Besides dental erosion syndrome, other oral syndromes could benefit from the stimulation of salivary secretion, in patients with gastro-oesophageal reflux disease (GORD). Our aims is evaluate the improvement of oral extra-oesophageal manifestations in patients with GORD using xylitol-malic acid tablets to stimulate salivary secretion.
The effectiveness of salivary stimulation using xylitol-malic acid tablets (as a supplement to omeprazole 40 mg/day) was assessed in a clinical trial (n = 14) lasting six months with patients with prior positive pH-metry, through GORD extra-oesophageal clinical signs, GerdQ and RDQ questionnaires, odontological variables, basal salivary secretion, stimulated salivary secretion, pH and buffer capacity, mucosal erythema index and dental wear.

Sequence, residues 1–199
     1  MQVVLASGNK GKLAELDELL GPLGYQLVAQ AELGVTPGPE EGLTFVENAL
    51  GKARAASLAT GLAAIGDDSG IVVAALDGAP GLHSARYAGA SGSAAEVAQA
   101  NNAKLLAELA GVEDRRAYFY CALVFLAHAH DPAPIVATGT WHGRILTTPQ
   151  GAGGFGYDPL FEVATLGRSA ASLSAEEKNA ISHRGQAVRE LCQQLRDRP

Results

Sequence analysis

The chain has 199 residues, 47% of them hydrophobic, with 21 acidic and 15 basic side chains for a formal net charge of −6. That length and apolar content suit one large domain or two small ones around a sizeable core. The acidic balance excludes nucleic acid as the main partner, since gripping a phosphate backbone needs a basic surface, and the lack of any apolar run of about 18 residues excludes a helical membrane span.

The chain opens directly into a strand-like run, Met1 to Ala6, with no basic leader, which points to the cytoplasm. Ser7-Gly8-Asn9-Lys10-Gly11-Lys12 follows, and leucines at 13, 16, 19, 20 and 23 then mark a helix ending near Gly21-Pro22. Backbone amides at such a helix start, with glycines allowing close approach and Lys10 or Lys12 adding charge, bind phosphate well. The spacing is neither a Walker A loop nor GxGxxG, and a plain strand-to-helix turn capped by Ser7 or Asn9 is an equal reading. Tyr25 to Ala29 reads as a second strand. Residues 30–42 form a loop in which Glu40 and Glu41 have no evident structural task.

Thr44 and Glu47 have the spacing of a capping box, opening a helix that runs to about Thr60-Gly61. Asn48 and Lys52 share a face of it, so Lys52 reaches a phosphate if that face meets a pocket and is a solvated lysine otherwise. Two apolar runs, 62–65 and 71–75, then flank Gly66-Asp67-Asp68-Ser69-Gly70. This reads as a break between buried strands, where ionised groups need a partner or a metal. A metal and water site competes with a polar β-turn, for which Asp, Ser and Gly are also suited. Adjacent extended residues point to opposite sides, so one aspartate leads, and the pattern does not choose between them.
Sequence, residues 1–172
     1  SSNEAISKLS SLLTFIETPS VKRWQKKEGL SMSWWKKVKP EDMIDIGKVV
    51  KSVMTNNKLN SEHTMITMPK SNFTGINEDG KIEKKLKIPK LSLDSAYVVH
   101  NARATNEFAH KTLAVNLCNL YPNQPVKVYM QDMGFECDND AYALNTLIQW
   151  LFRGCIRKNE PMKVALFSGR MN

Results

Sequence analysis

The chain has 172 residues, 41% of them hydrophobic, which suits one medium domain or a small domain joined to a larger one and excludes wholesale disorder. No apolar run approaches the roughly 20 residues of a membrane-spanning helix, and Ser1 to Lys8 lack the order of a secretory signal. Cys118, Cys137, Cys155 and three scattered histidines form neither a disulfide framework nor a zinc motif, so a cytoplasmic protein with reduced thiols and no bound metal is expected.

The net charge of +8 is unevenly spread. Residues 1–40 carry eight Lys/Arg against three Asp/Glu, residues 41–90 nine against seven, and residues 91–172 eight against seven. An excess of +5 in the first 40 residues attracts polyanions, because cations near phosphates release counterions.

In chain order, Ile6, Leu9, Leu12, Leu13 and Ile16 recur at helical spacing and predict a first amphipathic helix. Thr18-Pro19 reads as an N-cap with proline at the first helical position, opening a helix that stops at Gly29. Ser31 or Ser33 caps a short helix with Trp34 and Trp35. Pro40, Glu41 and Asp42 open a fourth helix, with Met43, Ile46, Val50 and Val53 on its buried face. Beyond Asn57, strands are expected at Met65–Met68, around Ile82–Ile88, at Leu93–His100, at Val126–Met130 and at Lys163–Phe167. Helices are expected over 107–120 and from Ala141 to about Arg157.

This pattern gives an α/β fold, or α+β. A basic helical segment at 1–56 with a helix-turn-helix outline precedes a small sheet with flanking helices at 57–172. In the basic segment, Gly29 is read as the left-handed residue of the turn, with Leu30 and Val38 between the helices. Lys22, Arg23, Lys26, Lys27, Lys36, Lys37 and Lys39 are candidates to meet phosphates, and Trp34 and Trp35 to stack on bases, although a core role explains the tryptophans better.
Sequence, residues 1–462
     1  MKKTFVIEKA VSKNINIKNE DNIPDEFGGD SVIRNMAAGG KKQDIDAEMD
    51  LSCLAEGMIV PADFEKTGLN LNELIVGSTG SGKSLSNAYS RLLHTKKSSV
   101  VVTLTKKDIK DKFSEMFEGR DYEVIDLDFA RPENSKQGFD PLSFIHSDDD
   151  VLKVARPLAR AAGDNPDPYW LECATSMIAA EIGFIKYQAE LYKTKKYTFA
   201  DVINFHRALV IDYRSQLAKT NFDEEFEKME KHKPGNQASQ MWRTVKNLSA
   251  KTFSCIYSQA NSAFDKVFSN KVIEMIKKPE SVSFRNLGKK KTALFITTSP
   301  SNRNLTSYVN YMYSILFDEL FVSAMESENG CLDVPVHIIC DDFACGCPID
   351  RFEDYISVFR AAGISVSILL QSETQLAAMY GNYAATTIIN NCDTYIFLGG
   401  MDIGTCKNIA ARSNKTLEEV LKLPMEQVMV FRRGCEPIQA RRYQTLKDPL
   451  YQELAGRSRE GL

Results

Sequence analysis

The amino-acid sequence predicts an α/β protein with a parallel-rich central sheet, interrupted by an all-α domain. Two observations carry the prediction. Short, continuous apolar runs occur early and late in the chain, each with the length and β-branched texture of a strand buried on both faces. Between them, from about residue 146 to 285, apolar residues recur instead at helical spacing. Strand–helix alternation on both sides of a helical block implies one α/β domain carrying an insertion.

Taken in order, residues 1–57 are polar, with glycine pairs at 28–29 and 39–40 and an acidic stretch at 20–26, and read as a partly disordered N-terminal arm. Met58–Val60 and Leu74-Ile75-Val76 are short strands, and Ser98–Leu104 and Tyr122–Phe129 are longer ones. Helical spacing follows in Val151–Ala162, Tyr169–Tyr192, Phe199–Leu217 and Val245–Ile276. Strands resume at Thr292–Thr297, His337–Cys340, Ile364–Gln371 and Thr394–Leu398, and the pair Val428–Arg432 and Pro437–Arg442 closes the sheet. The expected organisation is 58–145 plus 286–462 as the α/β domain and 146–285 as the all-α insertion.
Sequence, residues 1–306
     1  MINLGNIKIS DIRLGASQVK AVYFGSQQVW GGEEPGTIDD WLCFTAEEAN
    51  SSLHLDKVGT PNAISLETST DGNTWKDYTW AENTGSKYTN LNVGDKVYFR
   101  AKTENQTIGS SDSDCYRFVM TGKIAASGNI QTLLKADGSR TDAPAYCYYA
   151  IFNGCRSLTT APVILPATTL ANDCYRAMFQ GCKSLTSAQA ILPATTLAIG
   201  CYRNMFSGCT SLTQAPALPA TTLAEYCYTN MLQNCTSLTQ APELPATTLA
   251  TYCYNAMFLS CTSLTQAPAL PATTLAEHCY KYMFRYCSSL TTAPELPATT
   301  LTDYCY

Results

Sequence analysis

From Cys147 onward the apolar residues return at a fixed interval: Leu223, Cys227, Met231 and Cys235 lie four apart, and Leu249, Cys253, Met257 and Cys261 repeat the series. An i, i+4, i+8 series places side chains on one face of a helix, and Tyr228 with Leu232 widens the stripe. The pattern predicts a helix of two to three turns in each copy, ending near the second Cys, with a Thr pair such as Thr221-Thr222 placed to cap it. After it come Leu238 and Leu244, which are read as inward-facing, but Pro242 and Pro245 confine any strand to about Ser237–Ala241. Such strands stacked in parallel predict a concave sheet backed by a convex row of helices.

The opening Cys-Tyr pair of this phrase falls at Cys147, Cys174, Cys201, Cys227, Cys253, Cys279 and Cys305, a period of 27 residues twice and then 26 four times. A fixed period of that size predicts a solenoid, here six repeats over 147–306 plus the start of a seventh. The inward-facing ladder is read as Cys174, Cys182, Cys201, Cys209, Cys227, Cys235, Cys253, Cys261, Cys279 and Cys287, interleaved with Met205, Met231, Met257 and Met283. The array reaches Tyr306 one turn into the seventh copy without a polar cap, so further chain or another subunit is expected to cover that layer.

chi-square (Haberman post-hoc), ANOVA, and Mann-Whitney U; variables between visits were evaluated with McNemar’s Student’s t and Wilcoxon tests; p < 0.05.
100% of patients not taking xylitol-malic acid presented xerostomia, but only 14.3% of patients taking xylitol-malic acid (p < 0.01) did. The mean saliva-buffer capacity at the last visit for patients not taking xylitol-malic acid was 2.14 ± 0.38, versus 2.71 ± 0.49 for patients taking xylitol-malic acid (p < 0.05). Retro-sternal burning (p < 0.05), heartburn (p < 0.05) and regurgitation (p < 0.05) were also reduced.
Xylitol-malic acid tablets improve quality of life among patients with GORD, by reducing dry mouth, increasing saliva buffering and reducing heartburn, retro-sternal burning and regurgitation.